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Important points to consider around credit cards, investments and online shopping
Thursday 13 Sep 2018 Author: Laura Suter

The Government has released the first of a tranche of papers outlining how different industries would be affected by a no-deal Brexit. They include details on how the financial services industry, covering banking, insurance and pensions, would change as a result of a ‘no deal’.

Much of the information in the technical papers raised potential issues, but provided few solutions on how to overcome the problems raised, or in some cases how exactly the problems would occur. But using those papers, we’ve summarised the biggest issues facing your finances in the event of a no-deal Brexit.


If we left the European Union with no deal it’s clear for two reasons that Brits would pay higher debit and credit card charges when they travelled abroad.

First, the UK would no longer be part of a central payment system used to process transactions in euros. This means that processing payments made by a British person, using their UK bank card while they are in Europe, would take longer and be more costly.

Second, a ban on so-called rip-off fees would no longer apply to UK customers. In January this year an EU-wide ban was brought in for certain card charges, which stopped companies being able to charge you based on the method you used to pay.

Before this ban everyone was familiar with the issue of, for example, booking cheap flights on Ryanair and then discovering that to use certain credit or debit cards charges would cost them an extra £5 or £10.

There were often also higher charges at online retailers for using online payment systems, such as PayPal. The EU ban put an end to charging based on how you pay. However, the Government warns that in a no-deal Brexit the UK would be outside this EU law, and so this ruling would no longer apply – leaving retailers able to charge these ‘rip-off’ fees once again.


The biggest warning in the technical papers was for the 300,000+ UK pensioners who live in another EU country, and are using bank accounts, insurance or pensions in the UK.

The technical papers state British citizens living in the European Union could be denied access to their own money: ‘In the absence of action from the EU, EEA-based customers of UK firms currently passporting into the EEA (European Economic Area), including UK citizens living in the EEA, may lose the ability to access existing lending and deposit services, and insurance contracts due to UK firms losing their right to passport to the EU.’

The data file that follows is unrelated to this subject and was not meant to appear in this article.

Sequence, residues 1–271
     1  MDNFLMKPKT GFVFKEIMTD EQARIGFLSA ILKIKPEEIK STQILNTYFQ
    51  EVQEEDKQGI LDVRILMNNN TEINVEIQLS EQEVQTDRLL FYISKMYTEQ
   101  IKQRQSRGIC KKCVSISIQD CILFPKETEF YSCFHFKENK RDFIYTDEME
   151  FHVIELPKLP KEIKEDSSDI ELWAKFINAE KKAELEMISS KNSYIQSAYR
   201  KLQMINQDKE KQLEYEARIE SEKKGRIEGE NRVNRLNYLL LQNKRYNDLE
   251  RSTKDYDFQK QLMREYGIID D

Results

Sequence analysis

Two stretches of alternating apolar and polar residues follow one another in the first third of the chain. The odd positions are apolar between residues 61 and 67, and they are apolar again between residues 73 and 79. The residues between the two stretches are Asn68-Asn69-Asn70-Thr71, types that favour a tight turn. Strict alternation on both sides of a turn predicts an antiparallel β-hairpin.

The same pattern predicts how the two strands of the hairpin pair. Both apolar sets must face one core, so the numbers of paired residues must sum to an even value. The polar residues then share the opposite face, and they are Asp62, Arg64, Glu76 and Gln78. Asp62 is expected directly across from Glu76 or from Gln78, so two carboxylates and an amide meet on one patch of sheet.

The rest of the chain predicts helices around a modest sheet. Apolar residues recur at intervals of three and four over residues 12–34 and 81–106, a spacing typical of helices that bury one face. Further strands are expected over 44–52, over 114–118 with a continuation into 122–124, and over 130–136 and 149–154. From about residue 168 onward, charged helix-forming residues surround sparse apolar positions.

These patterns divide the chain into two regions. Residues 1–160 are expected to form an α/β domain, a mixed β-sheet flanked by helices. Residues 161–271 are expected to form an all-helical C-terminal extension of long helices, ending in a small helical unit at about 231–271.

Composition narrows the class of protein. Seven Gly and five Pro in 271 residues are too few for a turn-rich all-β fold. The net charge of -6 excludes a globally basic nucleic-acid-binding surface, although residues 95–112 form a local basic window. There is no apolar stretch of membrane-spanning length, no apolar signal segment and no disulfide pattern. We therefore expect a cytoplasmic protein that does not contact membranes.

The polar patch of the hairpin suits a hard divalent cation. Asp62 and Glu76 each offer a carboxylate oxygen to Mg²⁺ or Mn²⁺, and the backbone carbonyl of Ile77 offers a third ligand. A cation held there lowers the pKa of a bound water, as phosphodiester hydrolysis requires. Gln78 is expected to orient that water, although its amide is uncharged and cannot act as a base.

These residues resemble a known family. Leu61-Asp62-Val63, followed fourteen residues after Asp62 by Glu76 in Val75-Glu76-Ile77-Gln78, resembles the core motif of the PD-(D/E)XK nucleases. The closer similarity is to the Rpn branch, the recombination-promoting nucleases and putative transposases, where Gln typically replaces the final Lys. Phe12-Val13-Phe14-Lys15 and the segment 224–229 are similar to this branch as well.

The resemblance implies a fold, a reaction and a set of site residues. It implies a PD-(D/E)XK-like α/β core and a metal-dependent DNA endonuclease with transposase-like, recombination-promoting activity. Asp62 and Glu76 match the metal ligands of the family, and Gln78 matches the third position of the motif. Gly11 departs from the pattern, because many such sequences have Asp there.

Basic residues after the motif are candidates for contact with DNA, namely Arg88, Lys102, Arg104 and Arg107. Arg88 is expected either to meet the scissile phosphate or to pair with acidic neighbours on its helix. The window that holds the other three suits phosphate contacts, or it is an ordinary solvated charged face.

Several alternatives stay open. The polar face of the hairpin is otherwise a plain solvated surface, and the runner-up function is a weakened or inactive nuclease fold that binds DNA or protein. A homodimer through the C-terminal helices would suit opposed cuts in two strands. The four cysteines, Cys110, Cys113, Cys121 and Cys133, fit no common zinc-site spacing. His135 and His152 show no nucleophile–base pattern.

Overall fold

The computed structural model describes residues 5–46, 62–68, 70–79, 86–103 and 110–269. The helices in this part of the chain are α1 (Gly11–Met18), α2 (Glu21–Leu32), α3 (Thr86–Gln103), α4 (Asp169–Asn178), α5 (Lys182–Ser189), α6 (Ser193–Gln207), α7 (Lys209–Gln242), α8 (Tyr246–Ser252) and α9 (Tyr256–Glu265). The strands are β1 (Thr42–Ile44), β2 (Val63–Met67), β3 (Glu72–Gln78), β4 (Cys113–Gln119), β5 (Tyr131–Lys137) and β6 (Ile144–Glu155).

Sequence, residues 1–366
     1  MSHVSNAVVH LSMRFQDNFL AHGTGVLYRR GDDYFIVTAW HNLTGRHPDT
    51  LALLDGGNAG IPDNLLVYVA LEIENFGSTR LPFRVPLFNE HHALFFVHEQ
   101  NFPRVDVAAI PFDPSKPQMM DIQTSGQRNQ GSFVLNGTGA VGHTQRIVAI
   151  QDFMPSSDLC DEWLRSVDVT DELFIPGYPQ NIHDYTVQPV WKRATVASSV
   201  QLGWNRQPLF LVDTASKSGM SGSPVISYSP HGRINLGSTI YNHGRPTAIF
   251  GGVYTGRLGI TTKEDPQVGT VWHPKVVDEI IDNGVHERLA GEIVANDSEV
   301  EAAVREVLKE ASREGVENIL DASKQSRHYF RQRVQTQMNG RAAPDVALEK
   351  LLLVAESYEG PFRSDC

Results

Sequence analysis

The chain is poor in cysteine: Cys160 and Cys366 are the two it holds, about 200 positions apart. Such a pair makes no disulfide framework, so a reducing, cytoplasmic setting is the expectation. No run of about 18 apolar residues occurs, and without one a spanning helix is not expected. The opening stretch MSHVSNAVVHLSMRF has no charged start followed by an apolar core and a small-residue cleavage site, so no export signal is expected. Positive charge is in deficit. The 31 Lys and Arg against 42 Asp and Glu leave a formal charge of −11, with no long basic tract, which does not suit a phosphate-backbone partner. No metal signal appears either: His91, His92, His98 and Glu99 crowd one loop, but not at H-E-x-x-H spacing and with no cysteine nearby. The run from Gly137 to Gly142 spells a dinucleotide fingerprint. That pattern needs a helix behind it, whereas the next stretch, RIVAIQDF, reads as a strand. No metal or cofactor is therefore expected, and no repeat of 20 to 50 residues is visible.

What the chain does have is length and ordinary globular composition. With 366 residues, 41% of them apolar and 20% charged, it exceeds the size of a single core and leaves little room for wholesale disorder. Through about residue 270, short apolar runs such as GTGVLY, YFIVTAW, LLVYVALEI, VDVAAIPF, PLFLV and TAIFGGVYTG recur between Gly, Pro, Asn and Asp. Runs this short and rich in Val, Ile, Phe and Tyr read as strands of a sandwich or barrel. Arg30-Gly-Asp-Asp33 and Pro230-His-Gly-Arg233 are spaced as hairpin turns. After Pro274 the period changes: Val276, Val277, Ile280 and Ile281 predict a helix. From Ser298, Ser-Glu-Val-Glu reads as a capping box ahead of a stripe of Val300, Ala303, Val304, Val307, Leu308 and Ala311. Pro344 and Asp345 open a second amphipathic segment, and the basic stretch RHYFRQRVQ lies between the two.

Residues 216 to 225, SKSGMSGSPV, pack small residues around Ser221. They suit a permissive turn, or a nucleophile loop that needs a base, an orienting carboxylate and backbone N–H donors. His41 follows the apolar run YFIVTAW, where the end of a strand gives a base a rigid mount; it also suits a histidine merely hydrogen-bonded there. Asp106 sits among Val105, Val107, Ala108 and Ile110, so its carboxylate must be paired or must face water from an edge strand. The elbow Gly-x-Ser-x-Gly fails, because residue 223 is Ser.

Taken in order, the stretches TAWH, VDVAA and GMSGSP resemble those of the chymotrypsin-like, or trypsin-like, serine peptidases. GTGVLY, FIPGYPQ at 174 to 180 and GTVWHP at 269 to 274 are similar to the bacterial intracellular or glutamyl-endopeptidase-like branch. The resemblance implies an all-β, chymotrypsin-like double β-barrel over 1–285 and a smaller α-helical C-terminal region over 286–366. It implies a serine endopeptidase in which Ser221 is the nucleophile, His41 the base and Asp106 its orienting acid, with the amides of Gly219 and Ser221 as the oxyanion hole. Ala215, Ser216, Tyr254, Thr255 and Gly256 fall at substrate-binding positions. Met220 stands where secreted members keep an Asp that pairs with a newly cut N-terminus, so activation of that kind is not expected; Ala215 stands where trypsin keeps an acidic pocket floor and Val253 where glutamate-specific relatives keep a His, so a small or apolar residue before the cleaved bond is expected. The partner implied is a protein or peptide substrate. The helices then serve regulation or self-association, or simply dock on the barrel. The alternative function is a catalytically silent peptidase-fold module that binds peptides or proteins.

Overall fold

Put simply, a no-deal Brexit could result in some UK firms not having the right permissions to operate in EU countries. This includes the insurance companies which pay out an annuity, which is a pension income for life, to UK individuals living in the EU.

There are ways around this though. The financial services companies could set up an EU base, or create a reciprocal agreement with an EU-based company, to give them the right permissions to continue operating. However, until it’s clear that they need to invest this money and make these changes, they are unlikely to do so.

Hugh Savill, director of regulation at the Association of British Insurers, says: ‘Obviously insurers want to meet their commitments to their customers, but this problem has the potential to affect millions of insurance customers, including UK pensioners overseas. It can be fixed by co-operation between the UK and EU regulators – if the EU authorities wish to do so.’


In addition to the aforementioned extra card charges, in a no-deal Brexit the Government warns that Brits buying items from EU retailers and sellers could face higher costs.

This is because currently across the EU there is a VAT waiver on small packages. This means that for online orders under a certain value, the retailer doesn’t have to pay VAT on the item. The idea is that the amount collected would be too small, and so not worth the taxman’s time collecting it.

However, if we move out of the EU under a no-deal scenario, this ‘Low Value Consignment Relief’ will no longer apply, and so VAT will be due. More than anything, the represents a major admin task for retailers, and those who do minimal business in the UK may not deem it worthwhile to continue.

For the vast majority that do continue selling to UK customers, the costs to those consumers are likely to rise, to pay for the VAT due and the man-hours put in to process those payments. The Government says it will aim to introduce an automatic, online payment system to record and collect the additional VAT payments, which would help to cut the costs involved.

Laura Suter, personal finance analyst, AJ Bell

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